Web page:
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Old 06-03-2020, 01:15 PM
 
432 posts, read 182,444 times
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Quote:
Originally Posted by Huckleberry3911948 View Post
To be fair the German lightening warfare technique caught many off guard
But to defend the French on this point -a country I lived in for many years -is difficult
Law enforcement and military is not their strong suite
Music and art -second to none
❤️❤️❤️
Bonaparte would like a word.
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Old 06-03-2020, 01:16 PM
 
Location: southern california
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To avoid the leveling of France which unfortunately we did anyway
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Old 06-03-2020, 01:30 PM
 
508 posts, read 104,661 times
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Quote:
Originally Posted by jbgusa View Post
Poland existed before (mostly) Russia gobbled it up during the 18th and 19th centuries.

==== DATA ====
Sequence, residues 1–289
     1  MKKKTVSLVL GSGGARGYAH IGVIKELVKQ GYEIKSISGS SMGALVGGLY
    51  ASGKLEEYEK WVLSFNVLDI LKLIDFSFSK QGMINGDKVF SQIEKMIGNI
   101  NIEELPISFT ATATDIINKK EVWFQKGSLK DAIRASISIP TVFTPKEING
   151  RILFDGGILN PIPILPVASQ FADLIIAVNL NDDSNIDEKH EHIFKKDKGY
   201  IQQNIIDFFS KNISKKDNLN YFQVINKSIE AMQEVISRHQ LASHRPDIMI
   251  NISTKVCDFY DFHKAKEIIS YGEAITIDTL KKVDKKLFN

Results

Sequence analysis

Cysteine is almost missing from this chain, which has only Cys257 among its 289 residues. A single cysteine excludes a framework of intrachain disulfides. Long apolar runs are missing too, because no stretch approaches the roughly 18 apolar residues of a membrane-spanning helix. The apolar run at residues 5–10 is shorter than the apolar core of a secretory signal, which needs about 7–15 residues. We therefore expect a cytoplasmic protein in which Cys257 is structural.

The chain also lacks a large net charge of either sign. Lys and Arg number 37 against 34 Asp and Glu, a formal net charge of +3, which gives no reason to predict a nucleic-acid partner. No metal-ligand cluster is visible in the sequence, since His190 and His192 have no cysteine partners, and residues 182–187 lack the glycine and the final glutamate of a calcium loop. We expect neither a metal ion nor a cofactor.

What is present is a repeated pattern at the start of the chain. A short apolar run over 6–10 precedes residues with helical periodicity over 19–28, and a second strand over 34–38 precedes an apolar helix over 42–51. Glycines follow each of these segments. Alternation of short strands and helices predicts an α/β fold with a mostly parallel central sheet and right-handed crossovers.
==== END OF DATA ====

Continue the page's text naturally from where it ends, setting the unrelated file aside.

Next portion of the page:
Prussia, as well as Russia.
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Old 06-03-2020, 04:01 PM
 
Location: London
4,499 posts, read 4,018,102 times
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"The lightning victory in France thus emerged not as the logical endpoint of a carefully devised strategic synthesis, but as an inspired, high-risk improvisation, a 'quick, military fix' to the strategic dilemmas, which Hitler and the German military leadership had failed to resolve up to February 1940."
- Wages of Destruction by Prof Adam Tooze.